If public trust in institutions is a good indicator of the health of the republic, the United States can look forward to further political polarization.  

Every major institution, from Congress to the press, is at or below 50 percent in public approval – save one, the military – and, worse, many of the divides include large partisan gaps. Increasingly, and arguably with good reason, Republicans have less and less faith that many of our country’s once-neutral institutions are staying out of the political ballgame, fearing that they’ve joined the fight for the other team.

That conclusion is well-supported in the case of universities. Just half of adults think colleges and universities have a positive effect on the way things are going in the country, a sharp drop off even from just four years ago, when 63 percent of them thought the impact of universities was positive overall. Unsurprisingly, the number who are actively reporting that our institutions of higher learning are having a negative effect has seen a steep rise, from 28 percent to 38 percent over the same time period.

That’s right, nearly four in ten adults think that the university system – the same system that rich actresses were convicted of bribing to admit their kids – is actually hurting the country.

The drop off in confidence is driven primarily by Republicans. While two-thirds of Democrats still see universities as a force for good, Republican support has fallen off a cliff, from a solid 54 percent down to 33.

It’s not difficult to see why rank-and-file Republican voters are losing faith in colleges and universities. New horror stories of restricted speech, extreme left-wing protests that turn violent, and laughable-but-creepy SJW classes like “critical whiteness studies” make the news almost daily. And many of the cultural war flashpoints of today, like arguments over gender identity, were incubated in the radical academy.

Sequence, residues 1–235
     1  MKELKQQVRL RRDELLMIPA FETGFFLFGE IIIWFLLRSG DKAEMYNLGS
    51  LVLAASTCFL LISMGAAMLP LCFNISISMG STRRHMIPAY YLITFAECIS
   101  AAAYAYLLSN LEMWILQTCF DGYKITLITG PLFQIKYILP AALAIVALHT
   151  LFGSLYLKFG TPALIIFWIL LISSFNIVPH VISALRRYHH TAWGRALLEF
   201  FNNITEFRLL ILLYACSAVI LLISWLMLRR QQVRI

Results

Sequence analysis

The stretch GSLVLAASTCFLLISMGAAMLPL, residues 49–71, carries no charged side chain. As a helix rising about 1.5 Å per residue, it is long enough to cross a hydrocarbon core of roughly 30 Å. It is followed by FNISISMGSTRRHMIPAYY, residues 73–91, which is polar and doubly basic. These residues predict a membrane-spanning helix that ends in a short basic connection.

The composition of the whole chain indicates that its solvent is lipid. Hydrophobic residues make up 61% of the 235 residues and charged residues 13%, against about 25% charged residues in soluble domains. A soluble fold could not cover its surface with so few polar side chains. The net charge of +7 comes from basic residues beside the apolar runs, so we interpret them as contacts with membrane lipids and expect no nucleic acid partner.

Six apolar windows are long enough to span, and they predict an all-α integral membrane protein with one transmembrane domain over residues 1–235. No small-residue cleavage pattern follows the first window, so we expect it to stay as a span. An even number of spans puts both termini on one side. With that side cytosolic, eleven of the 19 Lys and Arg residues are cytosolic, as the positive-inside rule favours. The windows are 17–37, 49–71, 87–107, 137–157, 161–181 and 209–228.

The real question is not why Republican voters have changed their opinions about college but why the Republican Party continues to support them with billions in grants and taxpayer-subsidized loans.

Without public financial support, 17-year-old students looking to study feminist literature for $150,000 in tuition and living expenses would have to look to private banks for a loan, and those banks would only be writing the check if they saw a high likelihood of getting their money back.

Instead, government largess to universities has been granted on the backs of the two-thirds of Americans who don’t have a four-year degree, and those universities have no real incentive to ensure that the fields of study they offer are connected to the sticker price. Instead of helping more students into the middle class, government intervention has assured universities of big bucks with no skin in the game, skyrocketed college costs, and left a generation with crippling debt.

Republican voters have woken up to the scam that is higher education. The Republican Party should follow suit and end the preferential treatment universities can no longer show they deserve.